Top five parkruns beginning with the letter 'C' - from personal experience
PUBLISHED: 10:13 21 August 2019 | UPDATED: 10:29 21 August 2019
Athletics correspondent Carl Marston is travelling around the region (and beyond) running in different parkruns. Here he highlights five events beginning with the letter 'C' in five different counties
I was so taken by my impromptu visit to the Cassiobury parkrun last weekend, that I decided to incorporate it into a top five.
I could have opted for a top five of Hertfordshire parkruns, or perhaps a 'South of the Watford Gap' top five - Cassiobury Park, Watford, is more than 60 miles south of this linguistic divide.
Instead, quirkier, and certainly less geographically north/south orientated, I have opted for a top five parkruns beginning with the letter 'C,' from five different counties. Tenuous, maybe, but alphabetically very satisfying.
1 Clumber Park (Notts)
Clumber Park could have been designed with parkrun in mind, a picturesque two-lapper starting through woodland and featuring a downhill stretch to Clumber Lake. A stiff climb to the finish blows away the cobwebs.
First staged in June, 2013, I rolled up for the 237th event in mid-February 2018.
Carl's experience: At the time, this was the furthest north I had travelled for a parkrun, and it ended up being the coldest. A distance of 130 miles from my house, and 161 miles from my intended destination (Carlisle United Football Club) it was the ideal stop-off point. Despite suffering from numbed fingers and frozen toes, cold Clumber Park parkrun deserves its place in this elite 'C' group.
2 Clare Castle (Suffolk)
Another gorgeous setting, the Clare Castle parkrun starts near the remains of a motte and bailey castle, as well as an old Victorian railway station complete with booking hall, station-master's house and goods shed.
The course is on paths around the circumference of the park, both tarmac and trail, with the Rover Stour never far away.
I visited when this event was just a month old, in late October, 2017, one of a field of 123 to tackle the three laps of Event No. 4. The Romans and later the Saxons used to occupy this site; now its parkrunners every Saturday morning. A treat.
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3 Clacton Seafront (Essex)
On a good day, when there is little wind, this is personal best material, three laps starting with an outward stretch along the top of the promenade towards the pier, and then a return via the beach-front promenade.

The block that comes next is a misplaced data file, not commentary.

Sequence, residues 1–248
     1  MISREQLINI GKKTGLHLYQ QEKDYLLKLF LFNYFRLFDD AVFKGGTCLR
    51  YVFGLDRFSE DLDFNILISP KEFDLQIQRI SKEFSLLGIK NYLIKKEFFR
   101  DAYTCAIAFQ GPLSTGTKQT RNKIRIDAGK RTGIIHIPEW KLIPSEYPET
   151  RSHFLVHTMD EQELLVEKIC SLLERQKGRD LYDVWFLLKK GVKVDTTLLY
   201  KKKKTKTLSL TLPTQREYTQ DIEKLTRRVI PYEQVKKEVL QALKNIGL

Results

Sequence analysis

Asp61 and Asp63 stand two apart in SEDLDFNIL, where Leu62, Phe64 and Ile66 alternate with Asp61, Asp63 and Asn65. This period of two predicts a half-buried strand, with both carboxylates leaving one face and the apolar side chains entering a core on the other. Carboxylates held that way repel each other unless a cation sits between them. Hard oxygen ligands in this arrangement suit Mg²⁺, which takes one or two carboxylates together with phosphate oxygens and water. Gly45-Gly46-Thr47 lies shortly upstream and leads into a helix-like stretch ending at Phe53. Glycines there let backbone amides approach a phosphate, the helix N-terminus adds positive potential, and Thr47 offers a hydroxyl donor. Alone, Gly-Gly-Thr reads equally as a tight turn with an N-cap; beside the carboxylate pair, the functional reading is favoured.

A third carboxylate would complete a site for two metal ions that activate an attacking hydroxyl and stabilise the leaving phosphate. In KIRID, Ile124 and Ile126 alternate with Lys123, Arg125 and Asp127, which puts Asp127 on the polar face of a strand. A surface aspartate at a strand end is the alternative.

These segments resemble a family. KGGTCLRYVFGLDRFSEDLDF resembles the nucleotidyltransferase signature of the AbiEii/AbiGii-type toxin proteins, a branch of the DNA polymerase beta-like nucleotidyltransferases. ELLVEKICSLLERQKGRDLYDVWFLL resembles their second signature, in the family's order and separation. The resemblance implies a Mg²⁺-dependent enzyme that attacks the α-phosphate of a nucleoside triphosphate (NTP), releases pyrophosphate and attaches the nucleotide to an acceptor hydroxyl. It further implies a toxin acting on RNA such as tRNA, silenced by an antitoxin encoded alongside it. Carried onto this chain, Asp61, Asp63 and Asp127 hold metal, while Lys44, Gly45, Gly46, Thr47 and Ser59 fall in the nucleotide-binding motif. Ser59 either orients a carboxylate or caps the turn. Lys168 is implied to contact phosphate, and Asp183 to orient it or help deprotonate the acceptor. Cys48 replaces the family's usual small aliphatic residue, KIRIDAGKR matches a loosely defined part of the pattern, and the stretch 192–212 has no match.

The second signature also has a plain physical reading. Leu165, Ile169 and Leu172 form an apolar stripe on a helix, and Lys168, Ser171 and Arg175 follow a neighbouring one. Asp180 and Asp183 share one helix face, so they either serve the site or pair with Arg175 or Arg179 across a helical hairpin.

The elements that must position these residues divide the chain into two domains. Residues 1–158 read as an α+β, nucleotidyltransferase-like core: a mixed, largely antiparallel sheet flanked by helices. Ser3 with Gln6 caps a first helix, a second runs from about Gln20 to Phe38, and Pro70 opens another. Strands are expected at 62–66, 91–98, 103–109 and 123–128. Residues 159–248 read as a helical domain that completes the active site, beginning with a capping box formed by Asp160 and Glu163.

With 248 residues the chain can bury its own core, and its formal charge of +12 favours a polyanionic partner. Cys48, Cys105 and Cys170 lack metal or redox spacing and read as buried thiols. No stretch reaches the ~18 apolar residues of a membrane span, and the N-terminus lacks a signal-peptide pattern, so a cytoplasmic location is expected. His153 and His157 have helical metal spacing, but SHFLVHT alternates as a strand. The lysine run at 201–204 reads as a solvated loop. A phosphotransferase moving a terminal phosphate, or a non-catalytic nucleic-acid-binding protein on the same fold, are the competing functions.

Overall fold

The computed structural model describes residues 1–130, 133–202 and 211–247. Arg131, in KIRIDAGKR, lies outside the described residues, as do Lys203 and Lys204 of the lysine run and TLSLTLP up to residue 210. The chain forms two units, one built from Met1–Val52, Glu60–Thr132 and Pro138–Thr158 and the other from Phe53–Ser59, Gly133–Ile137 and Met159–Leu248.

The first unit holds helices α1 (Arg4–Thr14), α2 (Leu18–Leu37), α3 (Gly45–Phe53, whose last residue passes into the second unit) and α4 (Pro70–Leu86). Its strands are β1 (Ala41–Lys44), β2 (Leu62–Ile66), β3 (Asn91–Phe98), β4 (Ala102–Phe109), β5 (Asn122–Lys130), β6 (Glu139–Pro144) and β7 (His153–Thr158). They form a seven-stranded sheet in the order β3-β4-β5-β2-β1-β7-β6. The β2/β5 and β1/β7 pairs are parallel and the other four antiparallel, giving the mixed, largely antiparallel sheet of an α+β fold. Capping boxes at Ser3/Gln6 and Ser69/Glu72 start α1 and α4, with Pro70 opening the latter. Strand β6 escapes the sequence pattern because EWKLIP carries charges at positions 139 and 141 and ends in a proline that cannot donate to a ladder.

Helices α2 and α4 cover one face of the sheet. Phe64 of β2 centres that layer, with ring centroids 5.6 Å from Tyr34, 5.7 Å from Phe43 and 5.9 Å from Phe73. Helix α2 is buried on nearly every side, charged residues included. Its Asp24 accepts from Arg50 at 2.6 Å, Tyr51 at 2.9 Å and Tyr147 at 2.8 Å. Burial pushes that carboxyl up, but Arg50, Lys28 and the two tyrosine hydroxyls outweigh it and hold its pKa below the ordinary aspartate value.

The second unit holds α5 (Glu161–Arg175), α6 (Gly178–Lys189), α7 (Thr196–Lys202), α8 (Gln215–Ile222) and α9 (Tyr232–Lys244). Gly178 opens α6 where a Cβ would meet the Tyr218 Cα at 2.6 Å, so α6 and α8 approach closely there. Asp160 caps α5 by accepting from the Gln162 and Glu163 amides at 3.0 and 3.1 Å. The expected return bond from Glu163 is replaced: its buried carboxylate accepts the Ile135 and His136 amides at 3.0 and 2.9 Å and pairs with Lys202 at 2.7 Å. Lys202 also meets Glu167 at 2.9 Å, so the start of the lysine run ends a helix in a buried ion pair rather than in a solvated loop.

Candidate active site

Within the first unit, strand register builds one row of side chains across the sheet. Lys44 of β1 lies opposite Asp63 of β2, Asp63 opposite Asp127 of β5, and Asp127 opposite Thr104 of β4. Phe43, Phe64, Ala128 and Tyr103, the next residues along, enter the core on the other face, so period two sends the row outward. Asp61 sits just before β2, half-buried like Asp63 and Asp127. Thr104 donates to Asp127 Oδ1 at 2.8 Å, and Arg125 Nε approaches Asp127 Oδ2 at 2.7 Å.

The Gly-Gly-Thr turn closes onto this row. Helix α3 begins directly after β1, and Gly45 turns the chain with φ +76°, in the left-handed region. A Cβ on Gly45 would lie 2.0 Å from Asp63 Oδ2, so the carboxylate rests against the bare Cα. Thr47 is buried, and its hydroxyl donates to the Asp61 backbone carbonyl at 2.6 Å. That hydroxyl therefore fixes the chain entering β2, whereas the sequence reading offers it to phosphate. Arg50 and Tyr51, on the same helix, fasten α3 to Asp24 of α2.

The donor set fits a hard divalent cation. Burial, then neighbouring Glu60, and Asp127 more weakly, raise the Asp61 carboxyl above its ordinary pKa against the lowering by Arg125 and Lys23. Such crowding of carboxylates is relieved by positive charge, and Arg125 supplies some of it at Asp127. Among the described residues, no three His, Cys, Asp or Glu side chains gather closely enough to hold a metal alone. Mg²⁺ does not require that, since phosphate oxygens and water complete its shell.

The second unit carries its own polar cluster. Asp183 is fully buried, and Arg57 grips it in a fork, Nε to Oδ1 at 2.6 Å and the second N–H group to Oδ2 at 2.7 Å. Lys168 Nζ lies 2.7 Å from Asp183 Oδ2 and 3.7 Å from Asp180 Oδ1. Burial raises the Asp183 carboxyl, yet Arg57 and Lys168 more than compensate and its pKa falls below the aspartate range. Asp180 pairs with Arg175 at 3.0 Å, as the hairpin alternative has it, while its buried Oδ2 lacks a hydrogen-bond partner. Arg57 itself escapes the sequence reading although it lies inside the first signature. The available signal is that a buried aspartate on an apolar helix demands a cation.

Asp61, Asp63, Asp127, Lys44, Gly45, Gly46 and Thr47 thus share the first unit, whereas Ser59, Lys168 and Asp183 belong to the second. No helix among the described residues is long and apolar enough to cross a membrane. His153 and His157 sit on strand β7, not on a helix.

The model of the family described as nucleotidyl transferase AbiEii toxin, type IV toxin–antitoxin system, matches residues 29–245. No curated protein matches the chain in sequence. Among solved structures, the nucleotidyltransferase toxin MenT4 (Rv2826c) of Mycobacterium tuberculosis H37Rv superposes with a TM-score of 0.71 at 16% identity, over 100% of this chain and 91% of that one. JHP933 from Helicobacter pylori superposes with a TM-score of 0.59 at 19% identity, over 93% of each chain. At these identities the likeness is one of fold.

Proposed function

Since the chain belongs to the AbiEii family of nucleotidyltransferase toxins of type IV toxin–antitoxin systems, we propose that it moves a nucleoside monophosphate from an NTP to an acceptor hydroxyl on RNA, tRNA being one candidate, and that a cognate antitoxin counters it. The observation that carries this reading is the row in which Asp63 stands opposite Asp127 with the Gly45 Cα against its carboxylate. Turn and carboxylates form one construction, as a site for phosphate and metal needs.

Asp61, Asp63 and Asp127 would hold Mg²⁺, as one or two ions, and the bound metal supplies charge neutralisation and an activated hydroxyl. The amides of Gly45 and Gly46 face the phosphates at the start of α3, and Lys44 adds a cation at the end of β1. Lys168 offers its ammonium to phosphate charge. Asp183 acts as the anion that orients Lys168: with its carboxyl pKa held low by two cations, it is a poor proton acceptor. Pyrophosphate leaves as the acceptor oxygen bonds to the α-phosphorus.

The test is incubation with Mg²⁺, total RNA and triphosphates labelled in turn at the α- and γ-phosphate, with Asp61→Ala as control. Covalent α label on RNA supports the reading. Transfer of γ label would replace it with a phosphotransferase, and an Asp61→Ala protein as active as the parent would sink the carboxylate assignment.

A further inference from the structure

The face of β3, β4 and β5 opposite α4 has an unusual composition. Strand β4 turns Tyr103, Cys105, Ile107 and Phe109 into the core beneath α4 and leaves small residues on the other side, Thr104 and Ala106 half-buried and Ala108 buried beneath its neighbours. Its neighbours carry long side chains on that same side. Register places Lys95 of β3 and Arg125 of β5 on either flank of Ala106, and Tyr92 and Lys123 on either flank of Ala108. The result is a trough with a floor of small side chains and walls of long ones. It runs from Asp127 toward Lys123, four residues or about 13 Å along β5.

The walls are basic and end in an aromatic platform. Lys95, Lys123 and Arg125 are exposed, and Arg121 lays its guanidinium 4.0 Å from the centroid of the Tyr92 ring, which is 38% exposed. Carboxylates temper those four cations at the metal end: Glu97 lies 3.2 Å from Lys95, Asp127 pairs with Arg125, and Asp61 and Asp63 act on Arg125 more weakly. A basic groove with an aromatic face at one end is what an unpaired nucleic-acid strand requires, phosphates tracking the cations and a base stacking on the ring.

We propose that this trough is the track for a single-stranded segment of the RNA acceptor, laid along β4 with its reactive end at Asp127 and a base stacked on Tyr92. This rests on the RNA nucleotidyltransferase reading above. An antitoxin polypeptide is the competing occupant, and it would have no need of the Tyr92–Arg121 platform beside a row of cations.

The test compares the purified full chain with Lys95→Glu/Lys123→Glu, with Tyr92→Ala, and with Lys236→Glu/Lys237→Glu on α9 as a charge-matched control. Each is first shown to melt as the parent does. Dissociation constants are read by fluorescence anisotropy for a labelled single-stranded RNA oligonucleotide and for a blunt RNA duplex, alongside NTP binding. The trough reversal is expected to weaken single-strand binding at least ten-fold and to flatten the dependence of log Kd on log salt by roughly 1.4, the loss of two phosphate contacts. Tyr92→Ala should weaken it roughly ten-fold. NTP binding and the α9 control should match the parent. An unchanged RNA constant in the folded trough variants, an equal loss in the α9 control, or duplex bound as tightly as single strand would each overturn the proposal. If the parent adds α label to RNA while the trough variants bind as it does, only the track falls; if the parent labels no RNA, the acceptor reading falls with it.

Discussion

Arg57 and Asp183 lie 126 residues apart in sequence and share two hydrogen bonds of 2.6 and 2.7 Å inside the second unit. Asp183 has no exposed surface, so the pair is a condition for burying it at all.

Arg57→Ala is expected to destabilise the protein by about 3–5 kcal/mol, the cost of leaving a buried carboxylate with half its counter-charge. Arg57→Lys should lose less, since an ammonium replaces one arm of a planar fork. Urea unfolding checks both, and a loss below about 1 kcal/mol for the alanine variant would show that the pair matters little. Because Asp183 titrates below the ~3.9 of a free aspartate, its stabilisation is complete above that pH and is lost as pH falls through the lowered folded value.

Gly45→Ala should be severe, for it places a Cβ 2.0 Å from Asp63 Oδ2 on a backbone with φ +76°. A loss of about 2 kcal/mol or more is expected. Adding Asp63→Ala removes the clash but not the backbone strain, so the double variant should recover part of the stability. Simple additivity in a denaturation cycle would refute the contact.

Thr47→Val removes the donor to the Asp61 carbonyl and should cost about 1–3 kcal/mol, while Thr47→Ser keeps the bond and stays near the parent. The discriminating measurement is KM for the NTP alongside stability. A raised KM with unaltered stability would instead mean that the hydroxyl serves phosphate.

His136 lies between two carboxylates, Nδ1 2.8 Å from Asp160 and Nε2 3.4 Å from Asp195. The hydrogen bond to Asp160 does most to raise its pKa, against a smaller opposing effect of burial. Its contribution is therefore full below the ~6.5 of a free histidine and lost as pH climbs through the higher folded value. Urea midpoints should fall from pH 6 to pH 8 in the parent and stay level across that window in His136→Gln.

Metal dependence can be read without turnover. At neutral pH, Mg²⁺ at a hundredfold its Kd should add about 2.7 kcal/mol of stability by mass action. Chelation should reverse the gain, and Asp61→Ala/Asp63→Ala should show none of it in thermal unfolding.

I do like to be beside the seaside, but I prefer summer to winter. So don't ask me why I chose to visit the Clacton Seafront parkrun in mid-December! (2017).
Carl's experience: I used to spend my summer holidays on Clacton beach, initially based in the family caravan and later a cosy little flat near the old Butlins site, so this was familiar territory for me. I even occasionally took a dip in the sea on Christmas Day, as remains the tradition in these parts. I am therefore used to feeling cold in Clacton and, as has become a theme of this list, it was freezing on my visit, to such an extent that red cones were placed in strategic positions to encourage the 83 hardy souls (parkrunners) to steer clear of the icy patches. I pipped the leading dog by a nose!
4 Cheltenham (Gloucs)
The Cheltenham parkrun, in Pittville Park, used to be a three-lap affair, but increasing numbers made it tricky negotiating a small, narrow bridge over the lake, with some bollards thrown in for good measure, so a new course had been devised by the time I visited (September, 2017). The park, like the town, is steeped in history.
Carl's experience: This gets in my dream 'C' team as I happened to run under 20 minutes for the first time in weeks. I put this down to two factors. Firstly, a designated '20 minutes' Pacer, who paced me to perfection; and secondly, the bottle of red wine I consumed with my wife the night before.
5 Cassiobury Park (Herts)
I headed off to Watford, in Hertfordshire, only last Saturday morning to soak up the sunshine in Cassiobury Park, home to a flat course and a potentially fast time. The emphasis here is on the word 'potentially.'
It is a two-and-a-half lap course, on good tarmac paths, with very little gradient. The start is 400 metres from the well-named Cha Cafe, near the Shepherds Road entrance, and involves a long straight stretch down the 'central avenue,' followed by a tight left-hand turn back up towards the cafe.
First established in February, 2015, it's a gem.
Carl's experience: As the parkrun saying goes - 'no barcode, no time, no exception' - that's why I always remember my tatty paper barcode every week. I mention this, because 40 of the 469 runners (including the first placer) last Saturday were 'unknowns,' and will forever remain so.
The main obstacle to recording a swift time, if that's your goal, is the narrowness of the paths. Over-taking can be problematic, especially on the final lap, but never grumble. This is parkrun, where patience is a virtue.